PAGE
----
…click to listen:

…about the music

Be afraid. Be very afraid.

Yes, gulls have tongues.
And they laugh.
At me.

Composers are fragile creatures. We toil and stress over every note, every measure, every nuance of each phrasing mark.
This visage, in front of me as I strive for utter, unobtainable-but-yet-neurotically-necessary perfection,
is not especially helpful.

He doesn’t care.
He just laughs.
At me.
And waits.

It’s easy to be paranoid when one of these guys just won’t take no for an answer.
Everywhere I turn my gaze, there he is.
Laughing at me.

[IMAGE] gull

Looking at me.

[IMAGE] gull

Staring at me.

[IMAGE] gull

Occasionally trying to be coy, as if I won’t notice he’s there. But in his mind I know he’s laughing.

[IMAGE] gull

And, expecting table service.

[IMAGE] gull

The nerve.

Like a whale out of water

Saturday, April 14th, 2012

[IMAGE] orca wannabes

…click to listen:

…about the music

Something funny on the black and whites, for these funny black and whites.

It’s an exciting time of year around here: Orca Watch 2012.
Well, for me, at least.
This post of mine from last summer explains why. We’re quickly approaching the season when the resident pods of orca whales– J, K and L (thanks to the nice folks at the Whale Museum, you can read about this weird naming process here), return to this part of the shoreline to get their fill of the salmon running yards from my toes (I wish the fish realized they could save me a trip down to the dock by simply flinging themselves right onto my grill).

Since their traditional departure from the San Juans in mid October, I’ve missed these creatures. I call them my “floating pandas,” and despite their bad rap as Killer Whales, they really are quite adorable. Sometimes they swim by so close to the rocks and kelp beds, that I could just about reach out and pet them.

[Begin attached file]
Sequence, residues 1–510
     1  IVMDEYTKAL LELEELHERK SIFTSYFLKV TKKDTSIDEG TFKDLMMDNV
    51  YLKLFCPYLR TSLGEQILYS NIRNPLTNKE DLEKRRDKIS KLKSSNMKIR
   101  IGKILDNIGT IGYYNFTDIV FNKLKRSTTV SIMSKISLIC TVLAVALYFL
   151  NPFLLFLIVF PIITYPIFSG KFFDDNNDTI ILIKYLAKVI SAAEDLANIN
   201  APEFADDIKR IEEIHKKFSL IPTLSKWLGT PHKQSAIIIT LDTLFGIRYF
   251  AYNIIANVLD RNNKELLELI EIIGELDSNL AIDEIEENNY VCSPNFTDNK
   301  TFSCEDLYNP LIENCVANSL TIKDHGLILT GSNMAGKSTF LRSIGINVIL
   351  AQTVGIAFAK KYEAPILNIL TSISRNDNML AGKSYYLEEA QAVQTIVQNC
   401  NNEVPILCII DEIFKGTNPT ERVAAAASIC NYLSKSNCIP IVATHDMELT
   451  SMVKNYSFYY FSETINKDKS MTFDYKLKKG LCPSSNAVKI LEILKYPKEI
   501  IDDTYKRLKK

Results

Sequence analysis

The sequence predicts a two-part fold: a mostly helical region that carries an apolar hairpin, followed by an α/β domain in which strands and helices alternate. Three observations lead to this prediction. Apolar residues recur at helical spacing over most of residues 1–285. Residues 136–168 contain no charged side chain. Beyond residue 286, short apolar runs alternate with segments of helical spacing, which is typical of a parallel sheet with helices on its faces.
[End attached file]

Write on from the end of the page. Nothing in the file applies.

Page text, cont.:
Don’t worry, I won’t.
Besides, I’m quite certain they’re terrified of me. Really. They call our species Killer Humans, because we murder and eat cows and sheep and pigs and all sorts of mammals just as cute as sea lions, without a second’s thought or remorse.
Heck, as far as the orcas know, they could be next.

Tiding me over throughout the six months of provisional orca deprivation (P.O.D.) has been the most kitsch item in my house, (ok, next to Big Mouth Billy the Singing Bass, and oh, that fabulous Santa hat with the antlers, tree decorations, and light-up red nose):

[IMAGE] Santler Claus
I can’t believe I just posted this pic.

A pair of salt and pepper shakers.
Not just any pair.
A pair that I found last year right here in little Friday Harbor, that gives me so much joy I might need to start watching my sodium intake.

So when I am missing this:

[IMAGE] orcas spyhopping
Thanks to Jeanne Hyde for this shot from her beautiful blog,
Whale of a ‘Purpose’!


I can always have this!:

[IMAGE] salt and pepper spyhopping

Quick! Someone save me from myself before I put a little swaying hula girl on my dashboard to tide me over until my next trip to Maui. Please…

A goose taking a gander

Thursday, April 12th, 2012

[IMAGE] goose

…click to listen:

…about the music

The view from here.

I wonder if this goose, clearly having a deeply pensive, introspective moment, is thinking about filing taxes on time.

Turner Classic

Wednesday, April 4th, 2012

[IMAGE] fogrise

…click to listen:

…about the music

Out from the fog.

No, not Ted Turner and his classic movie channel.
Joseph Mallord William Turner. The sublime British watercolorist and painter.

A lone gull and I stood early this morning, entranced.

[IMAGE] sunfogrise

Well, I guess I was the one who was entranced. The gull was just looking for breakfast.

[IMAGE] sunfogrise